But I totally agree with you, I love what he’s– The movie runs an hour and 33 minutes, and it just moves, and obviously that was a choice. You know, we shot a lot more than that, but the way Robert pared it down, it’s like the story has to fly until the moments when you really need something else in a moment. I find that Alice Braga, who plays Diana in the film, she is so earthy and wonderful and grounded. She explains things that you might think of as exposition, but it never feels that way because she’s so brilliant when she’s explaining the world and trying to help Ben Affleck’s character understand where he is. All of that, at the end of the day, it really reflects back on who Robert is and the kind of filmmaker he is.

I agree with you. I hate watching a movie, and I’m like, “Oh, here’s the exposition dump,” but I never felt that in this.

FICHTNER: You know, I had a chance to see the film at South by Southwest. Robert did a work-in-progress screening there and I flew down to see it because I was so excited, I had such a great time working on it, I really wanted to see it, put eyes on it for the first time. I literally sent her a message after, and I’m like, “Darling, you just, boy, did you ground that! You are just so soulful and the depth you bring as that character, boy, wow, I was blown away.”

I could be wrong, but I believe this is the first time you’ve worked with Ben since Armageddon.

FICHTNER: This is the first time. I gotta be honest with you, I think I’ve only run into Ben once over those last, like, 25 years, or whatever it is. I think Armageddon is 25 years old this summer. But, yeah, such is life. Sometimes it swings around, sometimes you work with people you had a great time with and you never work with them again. This was a very interesting thing. Obviously, Ben is a very different guy, I’m a different guy, and here we are years later, playing characters that are very intertwined.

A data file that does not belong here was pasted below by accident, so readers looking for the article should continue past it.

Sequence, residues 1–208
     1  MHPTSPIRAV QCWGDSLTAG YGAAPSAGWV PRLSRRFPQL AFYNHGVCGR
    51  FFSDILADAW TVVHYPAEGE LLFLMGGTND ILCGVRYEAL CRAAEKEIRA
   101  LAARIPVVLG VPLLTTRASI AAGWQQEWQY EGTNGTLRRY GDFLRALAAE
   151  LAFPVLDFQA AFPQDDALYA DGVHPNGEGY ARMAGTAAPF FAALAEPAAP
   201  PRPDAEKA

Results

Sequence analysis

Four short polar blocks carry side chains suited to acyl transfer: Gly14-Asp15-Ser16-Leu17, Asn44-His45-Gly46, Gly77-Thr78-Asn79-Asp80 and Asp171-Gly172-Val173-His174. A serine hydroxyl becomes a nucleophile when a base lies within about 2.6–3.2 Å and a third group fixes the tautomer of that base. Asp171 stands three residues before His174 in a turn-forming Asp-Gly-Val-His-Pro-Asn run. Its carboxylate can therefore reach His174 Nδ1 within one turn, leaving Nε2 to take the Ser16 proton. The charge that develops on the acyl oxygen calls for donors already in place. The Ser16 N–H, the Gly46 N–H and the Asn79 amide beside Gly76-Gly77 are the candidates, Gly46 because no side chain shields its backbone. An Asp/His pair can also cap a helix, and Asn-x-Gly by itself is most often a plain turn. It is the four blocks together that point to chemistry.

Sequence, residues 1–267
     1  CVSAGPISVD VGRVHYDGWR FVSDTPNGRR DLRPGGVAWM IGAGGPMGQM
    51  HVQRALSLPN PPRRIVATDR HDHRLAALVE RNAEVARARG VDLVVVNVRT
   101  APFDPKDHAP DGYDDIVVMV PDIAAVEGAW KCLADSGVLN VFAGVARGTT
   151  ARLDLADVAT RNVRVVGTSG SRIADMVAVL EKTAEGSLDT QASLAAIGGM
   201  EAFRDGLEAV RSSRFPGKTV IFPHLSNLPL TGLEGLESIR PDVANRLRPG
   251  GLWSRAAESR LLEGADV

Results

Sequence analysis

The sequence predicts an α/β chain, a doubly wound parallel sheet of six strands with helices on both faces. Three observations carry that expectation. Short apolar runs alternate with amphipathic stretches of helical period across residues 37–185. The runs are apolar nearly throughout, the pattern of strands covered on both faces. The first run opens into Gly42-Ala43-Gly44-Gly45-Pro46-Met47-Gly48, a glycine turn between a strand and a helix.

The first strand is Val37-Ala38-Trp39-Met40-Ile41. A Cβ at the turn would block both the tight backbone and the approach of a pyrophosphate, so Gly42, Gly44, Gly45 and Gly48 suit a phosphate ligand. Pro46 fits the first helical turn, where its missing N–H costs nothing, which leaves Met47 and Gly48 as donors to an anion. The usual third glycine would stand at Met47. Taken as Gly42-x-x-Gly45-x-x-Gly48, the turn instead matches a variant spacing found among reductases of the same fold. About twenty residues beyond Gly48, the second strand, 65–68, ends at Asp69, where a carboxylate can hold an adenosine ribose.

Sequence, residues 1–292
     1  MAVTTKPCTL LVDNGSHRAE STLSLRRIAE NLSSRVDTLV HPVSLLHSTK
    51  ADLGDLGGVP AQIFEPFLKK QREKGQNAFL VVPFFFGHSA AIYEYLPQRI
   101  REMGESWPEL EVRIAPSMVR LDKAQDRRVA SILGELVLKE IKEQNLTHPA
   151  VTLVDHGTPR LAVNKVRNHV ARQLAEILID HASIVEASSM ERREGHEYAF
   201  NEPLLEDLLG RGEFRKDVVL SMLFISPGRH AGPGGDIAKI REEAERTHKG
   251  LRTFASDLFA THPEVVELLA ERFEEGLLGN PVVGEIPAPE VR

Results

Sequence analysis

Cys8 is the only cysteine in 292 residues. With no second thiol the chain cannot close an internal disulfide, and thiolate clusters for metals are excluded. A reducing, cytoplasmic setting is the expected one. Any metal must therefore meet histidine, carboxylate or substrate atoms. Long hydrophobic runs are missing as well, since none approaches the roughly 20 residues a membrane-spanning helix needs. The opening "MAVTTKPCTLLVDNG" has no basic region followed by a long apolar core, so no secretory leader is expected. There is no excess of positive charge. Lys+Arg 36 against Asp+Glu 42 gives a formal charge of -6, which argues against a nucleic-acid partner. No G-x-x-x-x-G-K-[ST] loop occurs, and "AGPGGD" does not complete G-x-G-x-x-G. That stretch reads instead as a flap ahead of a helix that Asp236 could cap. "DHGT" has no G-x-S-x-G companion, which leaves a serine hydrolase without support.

Image via Ketchup Entertainment

Listen, I could spend eight minutes just talking about Armageddon because I love that movie, I think it’s one of Michael Bay’s best films. But I definitely want to touch on working with Robert, specifically, because he also shoots, he directs, he writes, he literally wears every hat, or one of his kids is wearing the other hat. So what is it like working with someone like that because there’s not many filmmakers that do what Robert does?

FICHTNER: The very first day – I love telling this story – the very first day that I got to Austin, they had already been shooting for, I think, about a week, they were doing a lot of things with Alice and Ben. And I got off the plane, dropped my bags, and I went for a wardrobe fitting. So I went out to Robert’s studios in Austin and had a chance to meet some of the folks, and stepped on set to say hello to Robert in person. I’d met Robert once before, like, oh God, I don’t know, 15 years ago, but only for a couple of minutes, so I went to see him, and Robert said, “Here, I’m gonna show you something.” Literally took me in another room – you know, all the rooms in Robert’s studio have fascinating artifacts from all the films that he’s made, whether it’s Spy Kids, or this, that, and he’s got all these cool things all over the place – and he takes out his computer, and he shows me a scene that he shot yesterday.

So Robert goes home– Listen, we shot things one day on set in the morning and then after lunch, Robert showed me a rough cut, and he showed me something that he shot the day before and he goes, “I just wanna give you an idea of this and this. We’re working on this scene right now,” and that was Robert every day. So, really what that gave me, not only is it fascinating to see somebody who has that sort of process, but because Robert has such definitive thoughts and vision about things, I don’t think I ever walked on a set and was more interested right from the get-go. Of course, I’m always gonna show up with my own ideas and choices and thoughts about who the character is, but I would show up and when Robert would start to explain moments and details about things, I was all focused. All I wanted to do is just find exactly what he was looking for because I just so trusted his vision about what Hypnotic was gonna be.

Hypnotic is in theaters now. Check out our interview with Robert Rodriguez below.

Disclaimer: This story is auto-aggregated by a computer program and has not been created or edited by filmibee.